I know. I know. You read the headline and let out an exasperated sigh. Another one? Seriously? But stick with me for a minute or two. Because I honestly think Portland-based Zloop has got something interesting happening.
Zloop helps anyone—and I literally mean anyone—create small social networks. They call them “loops.” And they can be about something extremely limited, like my family, or something larger, like Portland startups. These loops can be created on the fly. And you can belong to as many or as few loops as you like. You can manage multiple profiles, like a personal one, a business one, full details, limited details…
Again, I realize this sounds pretty standard.
But Zloop makes small social network creation so easy that even the ungeekiest person you know could use it. I’m not talking about your coworkers. I’m talking about your parents, your grandparents, your kids. Anyone. It’s like the—and I mean this in only the most positive way possible—the AOL of social network creation.
In fact—like AOL—it, quite simply, may be too easy and seemingly constricted for you to have any interest in it. And that, my friend, is the sheer genius of it.
This isn’t for you and me. You and I can go geek out on Ning or some other existing social network. We can jump on Drupal or slap some Django components together and bang one out. We don’t need simple tools like this.
And that is exactly the point. This is for the other 99.9% of the population. And that’s what I think makes it interesting.
So simple, I’m confused
I recently had the opportunity to sit down with Brett Meyers, the community evangelist for Zloop, to talk about their solution and where they were hoping to go with it.
“So how do I find new friends via the interface?” I asked.
“You don’t,” Brett replied.
“So, if I want to join a bunch of different groups…”
“You don’t really do that here.”
“Can I get an RSS feed off of this?”
So there I am, sitting there with a confused look on my face. I mean, in terms of Web 2.0 social networking functionality, Zloop wasn’t pushing the envelope. They weren’t even bringing the common, roll-your-own feature set. What they were bringing to the table was, to my Web 2.0 addled brain, boring.
“But… hmm. What about… um,” I said, continuing to struggle.
And that’s when it hit me: some people—arguably the majority of the human race—form “social networks” in an entirely different way than the infinitesimal segment of us Web 2.0-focused geeks do. In real life, it seems, these social networks are actually formed in person.
No, I’m serious.
It seems that there are any number of groups—schools, churches, businesses—where people actually meet and get to know each other in person before they ever think about interacting with one another online.
Weird. But to each his or her own.
And that market—that gigantically broad market—is the group whom Zloop hopes to serve. Or as Brett put it, “We want to provide something that helps strengthen the communities that are already happening in real life.”
Zloop, with their inherent simplicity, their gentle and thoughtful AJAX transitions, and their “just enough” functionality, have some thing very interesting to offer. And that is Zloop’s genius.
Just like a Basecamp or a Twitter, Zloop—at first blush—is both incredibly difficult to explain and seemingly surreptitiously lacking some sort of whiz-bang that would make it of any use whatsoever.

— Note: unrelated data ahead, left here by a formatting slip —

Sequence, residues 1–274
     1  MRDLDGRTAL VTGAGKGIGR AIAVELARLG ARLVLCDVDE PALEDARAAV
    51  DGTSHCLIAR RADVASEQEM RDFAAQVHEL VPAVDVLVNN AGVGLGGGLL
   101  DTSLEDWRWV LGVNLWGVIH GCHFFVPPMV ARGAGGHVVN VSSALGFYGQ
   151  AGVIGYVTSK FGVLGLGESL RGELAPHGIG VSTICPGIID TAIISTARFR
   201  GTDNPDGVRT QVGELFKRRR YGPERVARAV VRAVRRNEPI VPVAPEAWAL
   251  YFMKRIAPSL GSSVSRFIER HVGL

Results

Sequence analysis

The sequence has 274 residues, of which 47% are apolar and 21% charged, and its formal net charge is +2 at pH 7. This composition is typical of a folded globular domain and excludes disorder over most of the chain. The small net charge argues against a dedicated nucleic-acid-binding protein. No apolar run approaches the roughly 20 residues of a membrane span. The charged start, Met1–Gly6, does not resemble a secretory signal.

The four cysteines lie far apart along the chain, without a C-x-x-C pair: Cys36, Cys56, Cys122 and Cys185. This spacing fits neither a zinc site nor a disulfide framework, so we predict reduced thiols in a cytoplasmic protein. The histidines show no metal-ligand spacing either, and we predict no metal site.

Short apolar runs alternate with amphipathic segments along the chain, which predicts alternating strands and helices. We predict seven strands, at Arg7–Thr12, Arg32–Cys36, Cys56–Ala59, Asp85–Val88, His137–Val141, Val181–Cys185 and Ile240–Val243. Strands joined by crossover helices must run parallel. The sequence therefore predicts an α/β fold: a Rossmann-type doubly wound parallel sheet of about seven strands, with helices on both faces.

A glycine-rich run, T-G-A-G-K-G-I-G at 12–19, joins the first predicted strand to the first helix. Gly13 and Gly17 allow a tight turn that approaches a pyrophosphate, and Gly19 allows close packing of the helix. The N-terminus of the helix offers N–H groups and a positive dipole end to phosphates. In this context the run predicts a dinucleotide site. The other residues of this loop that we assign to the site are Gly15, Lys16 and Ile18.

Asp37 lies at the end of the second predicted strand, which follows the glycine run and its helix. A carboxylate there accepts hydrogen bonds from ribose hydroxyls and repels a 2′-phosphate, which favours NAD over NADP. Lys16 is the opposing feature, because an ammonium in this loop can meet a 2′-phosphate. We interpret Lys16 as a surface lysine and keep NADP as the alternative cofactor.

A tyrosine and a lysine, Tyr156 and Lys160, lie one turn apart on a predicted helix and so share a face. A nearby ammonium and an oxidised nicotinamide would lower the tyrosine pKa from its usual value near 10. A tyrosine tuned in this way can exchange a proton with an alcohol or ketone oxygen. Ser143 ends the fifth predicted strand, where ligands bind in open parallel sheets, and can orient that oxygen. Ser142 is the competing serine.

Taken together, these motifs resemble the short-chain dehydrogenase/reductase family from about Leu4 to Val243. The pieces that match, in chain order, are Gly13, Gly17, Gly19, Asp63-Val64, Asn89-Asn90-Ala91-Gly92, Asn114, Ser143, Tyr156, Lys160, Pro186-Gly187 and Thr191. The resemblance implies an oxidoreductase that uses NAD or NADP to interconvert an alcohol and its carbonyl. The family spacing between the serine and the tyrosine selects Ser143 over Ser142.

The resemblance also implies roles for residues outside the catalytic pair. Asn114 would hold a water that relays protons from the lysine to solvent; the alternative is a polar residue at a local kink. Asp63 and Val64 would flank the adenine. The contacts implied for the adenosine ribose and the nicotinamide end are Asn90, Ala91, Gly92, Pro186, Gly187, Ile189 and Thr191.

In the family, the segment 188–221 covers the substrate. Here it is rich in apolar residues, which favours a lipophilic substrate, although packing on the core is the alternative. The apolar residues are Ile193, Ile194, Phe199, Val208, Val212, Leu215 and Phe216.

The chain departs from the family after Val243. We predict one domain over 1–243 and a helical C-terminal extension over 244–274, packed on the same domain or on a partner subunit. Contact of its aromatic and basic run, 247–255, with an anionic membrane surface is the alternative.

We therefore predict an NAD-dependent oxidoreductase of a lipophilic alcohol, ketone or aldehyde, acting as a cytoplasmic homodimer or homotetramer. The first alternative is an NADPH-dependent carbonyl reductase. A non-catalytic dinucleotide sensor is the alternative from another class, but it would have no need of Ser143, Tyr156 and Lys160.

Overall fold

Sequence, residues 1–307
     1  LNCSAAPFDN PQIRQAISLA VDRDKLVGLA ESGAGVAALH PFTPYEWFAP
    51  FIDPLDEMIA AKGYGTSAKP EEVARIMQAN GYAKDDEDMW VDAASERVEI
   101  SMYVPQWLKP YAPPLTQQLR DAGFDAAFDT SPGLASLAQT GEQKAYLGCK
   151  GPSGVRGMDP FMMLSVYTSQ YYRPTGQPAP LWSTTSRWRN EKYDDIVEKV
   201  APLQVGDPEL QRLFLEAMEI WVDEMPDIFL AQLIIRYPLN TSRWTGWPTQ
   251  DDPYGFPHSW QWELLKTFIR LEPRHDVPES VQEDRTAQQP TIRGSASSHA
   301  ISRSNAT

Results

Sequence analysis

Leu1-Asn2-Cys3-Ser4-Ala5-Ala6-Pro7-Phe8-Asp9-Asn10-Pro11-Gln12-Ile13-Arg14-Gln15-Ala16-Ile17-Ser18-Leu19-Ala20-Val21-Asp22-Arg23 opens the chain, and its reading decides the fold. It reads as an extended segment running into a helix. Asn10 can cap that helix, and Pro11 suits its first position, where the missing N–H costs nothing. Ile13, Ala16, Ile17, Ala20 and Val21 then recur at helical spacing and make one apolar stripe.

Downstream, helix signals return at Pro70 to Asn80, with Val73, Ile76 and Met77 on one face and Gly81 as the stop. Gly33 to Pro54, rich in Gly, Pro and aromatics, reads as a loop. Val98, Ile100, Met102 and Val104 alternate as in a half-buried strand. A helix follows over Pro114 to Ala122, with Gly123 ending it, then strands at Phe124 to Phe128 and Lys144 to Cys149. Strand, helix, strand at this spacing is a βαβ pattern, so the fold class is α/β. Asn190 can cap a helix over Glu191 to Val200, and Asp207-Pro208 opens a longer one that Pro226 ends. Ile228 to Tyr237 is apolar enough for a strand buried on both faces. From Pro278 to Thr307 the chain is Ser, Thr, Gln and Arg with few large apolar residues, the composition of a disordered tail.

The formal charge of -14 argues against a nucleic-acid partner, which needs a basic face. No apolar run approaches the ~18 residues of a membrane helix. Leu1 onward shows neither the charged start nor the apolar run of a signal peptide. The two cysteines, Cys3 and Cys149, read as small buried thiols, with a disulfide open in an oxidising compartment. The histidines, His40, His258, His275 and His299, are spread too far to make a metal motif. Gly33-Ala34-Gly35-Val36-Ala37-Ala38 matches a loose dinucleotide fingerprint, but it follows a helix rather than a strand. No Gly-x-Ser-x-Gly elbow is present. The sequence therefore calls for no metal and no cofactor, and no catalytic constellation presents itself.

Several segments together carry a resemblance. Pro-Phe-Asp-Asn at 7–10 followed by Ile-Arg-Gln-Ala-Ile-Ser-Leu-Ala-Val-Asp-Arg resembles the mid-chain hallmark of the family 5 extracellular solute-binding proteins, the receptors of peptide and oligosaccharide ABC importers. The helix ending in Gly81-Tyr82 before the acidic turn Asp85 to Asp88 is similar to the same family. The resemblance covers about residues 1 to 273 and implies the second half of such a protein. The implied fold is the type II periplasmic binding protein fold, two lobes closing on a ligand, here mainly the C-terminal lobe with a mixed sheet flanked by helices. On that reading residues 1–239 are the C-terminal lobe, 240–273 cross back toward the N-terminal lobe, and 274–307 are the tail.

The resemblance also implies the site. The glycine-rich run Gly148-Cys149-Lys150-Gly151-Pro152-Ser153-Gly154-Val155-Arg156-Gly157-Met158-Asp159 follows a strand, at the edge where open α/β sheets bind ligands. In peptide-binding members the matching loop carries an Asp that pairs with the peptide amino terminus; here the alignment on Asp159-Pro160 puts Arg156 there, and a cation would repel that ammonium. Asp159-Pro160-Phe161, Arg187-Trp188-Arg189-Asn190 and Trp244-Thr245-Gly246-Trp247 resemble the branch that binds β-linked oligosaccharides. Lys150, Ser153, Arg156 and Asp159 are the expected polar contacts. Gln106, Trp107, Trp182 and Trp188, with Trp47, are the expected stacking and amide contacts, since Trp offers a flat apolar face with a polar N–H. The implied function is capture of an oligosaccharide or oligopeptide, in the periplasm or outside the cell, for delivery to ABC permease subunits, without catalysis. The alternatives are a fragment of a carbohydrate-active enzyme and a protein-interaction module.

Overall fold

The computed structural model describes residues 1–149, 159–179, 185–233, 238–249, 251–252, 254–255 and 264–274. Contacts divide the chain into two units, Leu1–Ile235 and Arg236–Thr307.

And that’s why I think they’ve got something here. Something simple. Something pared down. Something straightforward. Something for a specific use that applies to a very, very large segment of the population.
Is it cutting edge? Absolutely not. Is it entirely unique? Not by a long shot. Does it have a chance? If they play their cards right, I think it does. A very good one.
If you’re interested in trying Zloop, just let me know by—ironically enough—dropping me an email or sending me a message on Twitter. I’d be more than happy to give you access to Zloop and hear your take on it.
[…] —Rick Turoczy This entry was posted in General and tagged social networking by Brent Logan. Bookmark the permalink. I'm Brent Logan and have been blogging here since 2004, writing about family, bicycling, and fun. I'm a snapshooterist extraordinaire who takes pictures of the sky, buildings, and and the field across from the Hillsboro airport. (More…) […]
Thank you much for not only your well written write-up, but also taking the time for a detailed discussion a few weeks ago. It was great to hear your initial feedback and thoughts all were were very valuable to take down.
Wanted to leave contact info for anyone else that is interested in connecting on why we’re so excited about what we’ve built…
Thanks again Rick!
Holy carp, Casey! Nice comment. And truly thoughtful insight.
The fact that you composed this response on a Friday afternoon both impresses me and scares me at the same time.
At first glance, seems to fit well with not only closed-loop affinity networks, but also for location-awareness and temporary socnets (“tempnets”) that then allow for transitions to other “permanets” via data portability. Imagine joining a Zloop at a concert, or a family reunion, and then transitioning it to a more robust, permanent socnet later. Once data portability is a reality, look for larger socnets to PAY smaller tempnets as “referrers” of users/groups, perhaps.
However, given the proliferation of socnets overall, I’m hesitant to think that anyone, let alone a closed-loop net with limited functionality, can rise above the noise to generate a mass base that can then be monetized. Unless the small socnet has unique, next-gen features that can plug into a larger socnet’s app as value-add, exit by acquisition might be unlikely, if even desired. Pursuing the “standalone widget” strategy is, perhaps, a good way of differentiating now, and exiting later; hence the need for not just simplicity, but uniqueness.
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